The Safety of "Rescue Blocks"

Nov 1, 2020

Christian Horazeck, MD; Jeff Gadsden, MD, FRCPC, FANZCA; and Jerry W. Jones. MD

Despite a lack of clinical guidance, the common fear of needle trauma to a partially anesthetized nerve or additional local anesthetic administration resulting in local anesthetic systemic toxicity (LAST) requires physicians to consider the risks and benefits associated with supplementing or rescuing a failed nerve block. Nerve block failure may result in significant consequences, including conversion to general anesthesia, escalation of pain, increased opioid exposure, delayed recovery and discharge, unplanned emergency room visits or hospital readmissions, chronic pain, cardiovascular events, and patient dissatisfaction.

By routinely utilizing single injection and continuous peripheral nerve blocks, anesthesiologists are brought into an enviable position of positively influencing both patient-centered and financial outcomes.

The growing awareness that opioid reduction yields significant financial benefit[1] and the new concerns that surgery is a significant risk factor for long-term opioid use and addiction[2-4] have both increased the pressure to reduce undue opioid exposure at the time of surgery. By routinely utilizing single injection and continuous peripheral nerve blocks, anesthesiologists are brought into an enviable position of positively influencing both patient-centered and financial outcomes. At the same time, this privilege may add significant pressure to reliably achieve nerve block success.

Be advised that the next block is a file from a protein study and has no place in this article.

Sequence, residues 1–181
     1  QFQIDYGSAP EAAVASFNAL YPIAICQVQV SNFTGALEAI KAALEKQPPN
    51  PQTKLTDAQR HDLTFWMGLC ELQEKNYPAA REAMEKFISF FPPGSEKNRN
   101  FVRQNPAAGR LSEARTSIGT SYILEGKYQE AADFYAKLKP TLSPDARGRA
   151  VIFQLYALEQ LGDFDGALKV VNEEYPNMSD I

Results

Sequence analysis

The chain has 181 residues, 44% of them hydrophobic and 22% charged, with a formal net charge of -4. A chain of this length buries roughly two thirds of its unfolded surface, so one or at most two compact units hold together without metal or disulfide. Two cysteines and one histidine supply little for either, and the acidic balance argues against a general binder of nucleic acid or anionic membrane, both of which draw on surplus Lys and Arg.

With an improved ability to facilitate direct visualization of local anesthetic spread and an enhanced ability to achieve nerve blockade with reduced volumes of local anesthetic (and risk of LAST),[5] ultrasound guidance for regional anesthesia has resulted in a greater degree of reliability and safety than ever before. Many traditional nerve blocks can now be performed without the requirement of the needle contacting the nerve. Further, numerous plane block techniques, often considered safer alternatives,[6-7] as well as more easily identified distal sites (including individual nerves), provide pristine anatomic locations remote to the original nerve block sites. These factors potentially expand the opportunity to safely perform so-called “rescue blocks” when single injections fail or continuous infusions are unexpectedly interrupted (Figure 1).